Speech by Ambassador Ted Osius at “Meet the USA” Conference

Ambassador Osius at “Meet the USA” Conference

Hanoi, March 23, 2016


Good afternoon, everyone. [Hanoi People’s Committee] Chairman [Nguyen Duc] Chung, [Vice Minister of Foreign Affairs] Minister [Le Hoai] Trung, thank you for participating in our inaugural “Meet the USA” conference. Ambassador Long, I would be remiss if I did not recognize you as the driving force behind this event.

This is the first time we’ve hosted such a conference. We didn’t know what to expect, but the turnout has been fantastic: over 50 U.S. companies representing an impressive array of small, medium and large enterprises.

One thing that my Embassy team knows is that you can’t truly understand Vietnam—its people, its culture, or, yes, its economy—from a seat in Hanoi or in HCMH. You have to get out in the provinces. And we have done a very good job in this respect. I’m not trying to boast…ok, maybe I am…but my team and I visited all 63 of Vietnam’s provinces in 2015. In January of this year, I led 20 American and Vietnamese cyclists on a 7-day bike ride from Hà Nội to Huế. An expedition we called Hành Trinh Mới—a new journey. During these trips, I always try to get a first-hand look at what American companies are doing. And I’ll tell you, the breadth and depth of U.S. business activities are pretty impressive.

One of the main objectives of this conference is to discuss how Vietnam’s different economic regions can attract U.S. investment and raise provincial competitiveness. With such a diversified range of trade and investment activities, there is no one “cookie-cutter” solution.

But there are some overarching themes:

  • Across the board, U.S. companies need confidence and security in their investments here. This means a level playing field, especially in terms of property rights and rules of competition that are clear and well enforced. These are reforms that must be led at the national level.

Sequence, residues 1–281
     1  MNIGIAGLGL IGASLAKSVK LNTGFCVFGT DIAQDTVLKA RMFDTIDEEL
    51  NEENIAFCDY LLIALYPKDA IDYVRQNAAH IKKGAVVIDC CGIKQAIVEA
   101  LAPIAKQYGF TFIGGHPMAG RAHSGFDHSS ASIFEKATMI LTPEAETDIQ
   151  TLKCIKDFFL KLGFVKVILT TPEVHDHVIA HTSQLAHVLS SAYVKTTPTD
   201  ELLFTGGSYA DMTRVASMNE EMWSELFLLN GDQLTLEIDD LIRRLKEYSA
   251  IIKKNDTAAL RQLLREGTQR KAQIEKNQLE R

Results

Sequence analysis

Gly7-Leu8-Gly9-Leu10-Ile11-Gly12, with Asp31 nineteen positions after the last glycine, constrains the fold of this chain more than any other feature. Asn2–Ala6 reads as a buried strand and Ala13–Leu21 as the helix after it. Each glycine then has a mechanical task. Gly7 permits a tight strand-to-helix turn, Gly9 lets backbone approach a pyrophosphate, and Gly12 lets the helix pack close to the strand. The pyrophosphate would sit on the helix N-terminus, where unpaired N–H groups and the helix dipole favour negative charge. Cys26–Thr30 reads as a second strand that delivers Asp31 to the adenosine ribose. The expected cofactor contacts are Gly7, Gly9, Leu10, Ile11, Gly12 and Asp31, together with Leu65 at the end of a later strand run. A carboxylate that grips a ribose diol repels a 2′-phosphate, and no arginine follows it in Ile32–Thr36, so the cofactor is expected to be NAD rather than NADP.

• Second, companies are looking for a labor force with the skills and education to compete in an integrated global economy, especially as they plan to move their operations up the value chain.
  • And finally, they need a backbone of modern services and infrastructure allowing them to connect to their global trade networks.

But this is not a one-way street. It’s not a set of unilateral expectations. At the end of the day, it’s about partnership. And I’m very proud of the corporate culture that American companies have brought to Vietnam—how strategically they have invested in the development of an emerging partner with tremendous potential.

I want to leave you with this thought:

2016 is a decisive year for Vietnam. Its leaders have promised the people regional and global integration, and now they must begin delivering. It’s a formidable road ahead to meet the milestones laid out by TPP and other free trade agreements. But there is a triangle of support to help Vietnam down this road, formed by foreign governments, international organizations, and global industry. The private sector has become particularly vital, because on some of the toughest issues, like international labor standards, industry can lead the way far better than government. But we all stand ready to make this Hành Trình Mới—this new journey—together.

{In Vietnamese} Thank you again for participating today. I wish all of you health and great success in all your work.